Don't believe me? Here are a few quotes from the first few pages of the book A New Earth:
"Jesus tells us to contemplate the flowers and learn from then how to live. The Buddha is said to have given a “silent sermon” once during which he held up a flower and gazed at it"(6).
"The lotus flower is a central symbol of Buddhism and a white bird, the dove, signifies the Holy Spirit in Christianity. They have been preparing the ground for a more profound shift in planetary consciousness that is destined to take place in the human species. This is the spiritual
awakening that we are beginning to witness now" (8).
"The messengers–Buddha, Jesus, and others, not all of them known–were humanity’s early flowers. They were precursors, rare and precious beings" (8).
"According to the Buddha, the human mind in its normal state generates dukkha, which can be translated as suffering, unsatisfactoriness, or just plain misery. He sees it as a characteristic of the human condition. Wherever you go, whatever you do, says the Buddha, you will encounter dukkha, and it will manifest in every situation sooner or later. According to Christian teachings, the normal collective state of humanity is one of “original sin” (10).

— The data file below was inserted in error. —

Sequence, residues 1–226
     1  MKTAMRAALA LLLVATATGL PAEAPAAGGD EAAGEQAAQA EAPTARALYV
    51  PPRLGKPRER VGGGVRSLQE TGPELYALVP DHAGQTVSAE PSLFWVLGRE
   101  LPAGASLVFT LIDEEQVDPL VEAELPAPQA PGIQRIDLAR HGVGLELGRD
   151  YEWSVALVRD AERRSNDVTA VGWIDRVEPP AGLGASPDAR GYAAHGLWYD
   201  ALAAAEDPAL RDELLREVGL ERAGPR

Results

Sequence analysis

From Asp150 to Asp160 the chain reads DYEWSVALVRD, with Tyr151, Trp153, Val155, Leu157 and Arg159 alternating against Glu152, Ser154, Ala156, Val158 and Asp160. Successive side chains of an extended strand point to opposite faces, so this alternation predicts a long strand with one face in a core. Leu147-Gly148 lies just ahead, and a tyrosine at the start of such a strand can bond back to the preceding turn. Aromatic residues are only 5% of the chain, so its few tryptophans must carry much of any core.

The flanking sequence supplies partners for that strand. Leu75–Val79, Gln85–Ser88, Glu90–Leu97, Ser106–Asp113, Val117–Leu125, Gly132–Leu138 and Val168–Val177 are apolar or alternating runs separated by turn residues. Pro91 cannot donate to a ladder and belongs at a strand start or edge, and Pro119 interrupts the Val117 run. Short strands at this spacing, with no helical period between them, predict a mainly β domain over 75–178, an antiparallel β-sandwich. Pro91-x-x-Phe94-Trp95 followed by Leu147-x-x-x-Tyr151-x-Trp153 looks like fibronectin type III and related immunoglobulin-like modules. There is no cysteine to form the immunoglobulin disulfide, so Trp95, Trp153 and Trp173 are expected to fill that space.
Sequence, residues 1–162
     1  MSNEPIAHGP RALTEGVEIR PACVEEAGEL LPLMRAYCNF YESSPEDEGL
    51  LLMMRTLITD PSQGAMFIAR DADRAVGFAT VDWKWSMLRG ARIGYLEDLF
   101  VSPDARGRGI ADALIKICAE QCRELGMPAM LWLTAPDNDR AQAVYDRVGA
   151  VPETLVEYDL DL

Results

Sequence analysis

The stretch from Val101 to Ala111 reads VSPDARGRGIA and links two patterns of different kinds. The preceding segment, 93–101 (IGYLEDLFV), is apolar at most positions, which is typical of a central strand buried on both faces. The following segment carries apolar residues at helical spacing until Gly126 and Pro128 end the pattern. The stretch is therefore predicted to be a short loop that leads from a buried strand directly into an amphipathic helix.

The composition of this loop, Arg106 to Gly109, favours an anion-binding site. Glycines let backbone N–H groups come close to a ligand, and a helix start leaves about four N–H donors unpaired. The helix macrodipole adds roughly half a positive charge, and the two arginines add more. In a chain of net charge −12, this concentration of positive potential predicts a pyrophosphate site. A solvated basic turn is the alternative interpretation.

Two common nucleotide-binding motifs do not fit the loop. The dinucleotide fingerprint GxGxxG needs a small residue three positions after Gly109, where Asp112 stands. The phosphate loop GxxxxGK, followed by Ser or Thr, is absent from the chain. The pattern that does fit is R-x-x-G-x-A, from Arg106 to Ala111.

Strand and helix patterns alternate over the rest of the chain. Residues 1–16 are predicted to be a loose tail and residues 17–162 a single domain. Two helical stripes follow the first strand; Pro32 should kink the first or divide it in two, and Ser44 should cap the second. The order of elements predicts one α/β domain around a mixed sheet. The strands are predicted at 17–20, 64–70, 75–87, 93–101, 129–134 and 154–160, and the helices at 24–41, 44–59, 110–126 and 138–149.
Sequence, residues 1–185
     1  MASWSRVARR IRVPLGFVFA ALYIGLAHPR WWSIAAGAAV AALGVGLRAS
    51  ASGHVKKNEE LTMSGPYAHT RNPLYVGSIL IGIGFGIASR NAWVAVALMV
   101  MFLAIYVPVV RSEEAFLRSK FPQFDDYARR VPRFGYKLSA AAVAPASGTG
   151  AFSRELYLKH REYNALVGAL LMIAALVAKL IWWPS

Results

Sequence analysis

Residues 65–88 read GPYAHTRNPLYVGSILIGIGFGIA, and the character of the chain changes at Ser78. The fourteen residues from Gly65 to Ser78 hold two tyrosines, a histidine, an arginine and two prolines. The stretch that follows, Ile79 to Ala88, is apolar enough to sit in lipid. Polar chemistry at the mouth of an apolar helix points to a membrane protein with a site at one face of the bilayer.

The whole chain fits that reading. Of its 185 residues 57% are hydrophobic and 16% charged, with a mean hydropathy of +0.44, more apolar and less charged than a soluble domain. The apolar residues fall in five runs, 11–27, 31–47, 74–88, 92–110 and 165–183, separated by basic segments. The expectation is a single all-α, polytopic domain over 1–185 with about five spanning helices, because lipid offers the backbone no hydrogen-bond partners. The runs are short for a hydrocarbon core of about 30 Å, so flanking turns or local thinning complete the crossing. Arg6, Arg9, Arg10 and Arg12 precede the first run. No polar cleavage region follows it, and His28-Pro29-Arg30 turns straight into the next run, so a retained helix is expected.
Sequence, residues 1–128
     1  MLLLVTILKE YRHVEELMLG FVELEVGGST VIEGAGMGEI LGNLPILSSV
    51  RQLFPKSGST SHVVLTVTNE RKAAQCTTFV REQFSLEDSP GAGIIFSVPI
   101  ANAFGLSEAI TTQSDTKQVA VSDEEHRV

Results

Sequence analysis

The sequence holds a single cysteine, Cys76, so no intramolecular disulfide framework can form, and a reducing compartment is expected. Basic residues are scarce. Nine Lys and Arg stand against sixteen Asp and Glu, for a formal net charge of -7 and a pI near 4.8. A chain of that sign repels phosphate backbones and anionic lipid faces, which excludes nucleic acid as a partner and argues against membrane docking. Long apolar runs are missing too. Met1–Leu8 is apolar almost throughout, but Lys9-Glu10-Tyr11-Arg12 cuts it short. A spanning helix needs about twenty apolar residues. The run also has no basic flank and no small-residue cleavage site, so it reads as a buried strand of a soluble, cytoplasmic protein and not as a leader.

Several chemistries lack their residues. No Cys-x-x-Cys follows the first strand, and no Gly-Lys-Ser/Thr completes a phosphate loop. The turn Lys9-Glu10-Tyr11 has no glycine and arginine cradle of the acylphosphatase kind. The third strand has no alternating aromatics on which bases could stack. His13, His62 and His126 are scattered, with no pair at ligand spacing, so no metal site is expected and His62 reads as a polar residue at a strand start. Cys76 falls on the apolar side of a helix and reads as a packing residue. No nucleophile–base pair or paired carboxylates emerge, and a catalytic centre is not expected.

"In the teachings of Jesus, it is salvation, and in Buddhism, it is the end of suffering. Liberation and awakening are other terms used to describe this transformation" (13).
As you can see from this handful of quotes, Tolle is trying ever-so sneakily to blend Buddhism and Christianity into one. Of course, this is logically and theologically impossible at the root of either religous group. Christians are Christians and not Buddhists because they believe and live differently than Buddhists and vice versa. As I continue to expose the many fallacies and untruths of the false prophetess Oprah and her new cult, I will have much more to say about this. In the meantime, don't be swayed.